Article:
Spanish police met mob chiefs every four weeks for instructions
The Kinahan cartel was paying two Spanish police officers €5,000 a month at the time of the Operation Shovel investigation.
A multinational operation, it saw around 30 cartel associates arrested in Spain, Ireland and the UK in 2010.
The two officers were on the mob's payroll to keep them informed of any investigations into their activities on the Costa del Sol.
They were met by a senior cartel lieutenant every four weeks in one of the many obstructions to the high-profile Spanish investigation into their activities.
Shovel was hailed by Spanish police as the "end of the Irish Mafia'", but 10 years after the massive clampdown, Christy Kinahan and his sons Daniel and Christopher Jr are still free.
It emerged last week that the Spanish authorities have levelled a charge against Christy Snr for passport fraud and a weapons charge on CAB target Ross Browning.
State prosecutors dropped the case against a string of other suspects, including Daniel and Christopher Jr, after failing to build a case over 10 years.
At the weekend, the Sunday World revealed the catalogue of failures by Spanish authorities that gave the Kinahan gang free rein to continue to expand its drugs empire.
The mob was always one step ahead of the Spanish police and knew cops had them under surveillance and were moving in.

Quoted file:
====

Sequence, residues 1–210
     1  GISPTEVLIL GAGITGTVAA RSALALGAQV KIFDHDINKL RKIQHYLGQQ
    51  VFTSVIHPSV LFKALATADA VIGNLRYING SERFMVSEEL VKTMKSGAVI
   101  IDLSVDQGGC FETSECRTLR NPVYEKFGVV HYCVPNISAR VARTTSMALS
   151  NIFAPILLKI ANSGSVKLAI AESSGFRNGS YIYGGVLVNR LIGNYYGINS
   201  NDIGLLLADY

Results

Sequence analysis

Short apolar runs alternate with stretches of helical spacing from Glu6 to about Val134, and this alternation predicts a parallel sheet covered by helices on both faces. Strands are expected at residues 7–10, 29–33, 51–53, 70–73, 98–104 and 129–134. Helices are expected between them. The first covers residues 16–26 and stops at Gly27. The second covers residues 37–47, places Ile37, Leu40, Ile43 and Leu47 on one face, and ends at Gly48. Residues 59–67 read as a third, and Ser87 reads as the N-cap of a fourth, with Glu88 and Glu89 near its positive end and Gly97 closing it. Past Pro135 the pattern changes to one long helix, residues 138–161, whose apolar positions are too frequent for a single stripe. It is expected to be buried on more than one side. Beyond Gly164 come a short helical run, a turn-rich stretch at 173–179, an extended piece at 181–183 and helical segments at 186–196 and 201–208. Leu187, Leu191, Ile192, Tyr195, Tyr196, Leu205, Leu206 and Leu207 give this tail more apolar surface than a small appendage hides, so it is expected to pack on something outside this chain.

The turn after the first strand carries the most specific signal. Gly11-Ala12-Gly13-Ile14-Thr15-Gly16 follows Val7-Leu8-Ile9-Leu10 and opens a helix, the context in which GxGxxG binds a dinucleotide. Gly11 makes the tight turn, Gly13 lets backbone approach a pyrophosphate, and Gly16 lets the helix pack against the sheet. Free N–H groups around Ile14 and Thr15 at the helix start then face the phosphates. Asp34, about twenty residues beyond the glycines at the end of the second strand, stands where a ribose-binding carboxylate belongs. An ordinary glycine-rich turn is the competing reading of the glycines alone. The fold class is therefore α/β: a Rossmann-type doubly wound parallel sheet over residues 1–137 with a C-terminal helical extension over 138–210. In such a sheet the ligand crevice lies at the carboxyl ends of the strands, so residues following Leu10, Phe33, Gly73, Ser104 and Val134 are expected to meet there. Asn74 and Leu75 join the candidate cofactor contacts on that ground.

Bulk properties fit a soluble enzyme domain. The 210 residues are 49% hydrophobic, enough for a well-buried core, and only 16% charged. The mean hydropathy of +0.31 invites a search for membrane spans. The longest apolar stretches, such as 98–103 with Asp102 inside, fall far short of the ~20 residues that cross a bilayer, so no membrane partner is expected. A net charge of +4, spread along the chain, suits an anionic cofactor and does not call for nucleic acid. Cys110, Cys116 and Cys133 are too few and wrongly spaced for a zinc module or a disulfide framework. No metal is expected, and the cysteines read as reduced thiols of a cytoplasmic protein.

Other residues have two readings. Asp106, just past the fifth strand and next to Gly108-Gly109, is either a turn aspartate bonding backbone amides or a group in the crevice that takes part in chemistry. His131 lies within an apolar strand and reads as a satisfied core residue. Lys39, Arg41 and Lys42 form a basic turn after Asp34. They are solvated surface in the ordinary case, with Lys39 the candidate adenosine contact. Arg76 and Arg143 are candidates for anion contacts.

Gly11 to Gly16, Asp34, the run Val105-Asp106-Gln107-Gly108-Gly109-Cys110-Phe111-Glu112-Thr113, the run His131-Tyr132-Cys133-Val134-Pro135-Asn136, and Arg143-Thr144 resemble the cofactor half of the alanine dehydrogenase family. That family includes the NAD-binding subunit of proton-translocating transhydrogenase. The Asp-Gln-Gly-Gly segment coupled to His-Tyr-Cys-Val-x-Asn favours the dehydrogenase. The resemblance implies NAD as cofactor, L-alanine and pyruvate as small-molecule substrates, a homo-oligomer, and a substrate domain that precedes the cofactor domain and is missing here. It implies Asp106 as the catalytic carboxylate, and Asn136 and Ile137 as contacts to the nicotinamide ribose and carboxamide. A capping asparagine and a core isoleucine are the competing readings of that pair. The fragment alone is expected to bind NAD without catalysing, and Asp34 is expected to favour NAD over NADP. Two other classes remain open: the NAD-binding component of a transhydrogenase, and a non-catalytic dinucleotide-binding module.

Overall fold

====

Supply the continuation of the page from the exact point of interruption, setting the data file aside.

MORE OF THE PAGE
Tip-offs provided by paid informants allowed them to tidy up their affairs and leave behind a trail of documents.
They knew these would not only be found in the raids but would also tie up investigators for years and come to nothing.
They included details of a company selling land in Brazil, where it was claimed the Kinahan gang was planning to build a holiday resort near the coastal city of Joao Pessoa in the north-east of the country.
Huge resources were pumped into untangling the financial web of Greenland Securities.
In the end, investigators discovered the land was barren and the mainly elderly investors had been left in a legal tangle with Brazilian authorities to try to claim ownership of the plots.
After two years of surveillance, Spanish police led the charge against the mob in May 2010.
The busts had involved 750 police officers across Ireland, the UK and Spain, as well as follow-up raids in Belgium, Cyprus, Dubai, South Africa and Brazil. They resulted in 78 searches, 34 arrests and the seizure of vehicles and cash.
Europol, the EU police agency at the time, said Christy Kinahan's network was involved in financial aff-airs in South America, Africa and the Far East. Thirty-one companies linked to the Kinahan gang were identified.
Daniel and Christopher Jr were publicly dragged before the courts along with long-time associate John 'The Colonel' Cunningham.
Mob lieutenants Gary Hutch and Freddie Thompson faced extradition proceedings, while armed robber Kevin Lynch and others were bailed in Spain.
Accountants, solicitors and associates of 'Dapper Don' Christy were also named in the probe. The arrests were filmed by the Guardia Civil and shown by the world's media, but it was later discovered the gang had been tipped-off.
The Kinahans were locked up but were later granted bail by a Spanish magistrate.
In its early stages, Operation Shovel promised it would destroy the "Irish mafia" and concentrated on allegations of drugs and weapons trafficking.
By 2014, a magistrate dropped those charges and decided to focus on money laundering and membership of a criminal gang. Six years on, those charges were also dropped.
The charges last week were welcomed as "more than was expected" out of the doomed investigation, which fell further down the Spanish police's priority list the more difficult it became.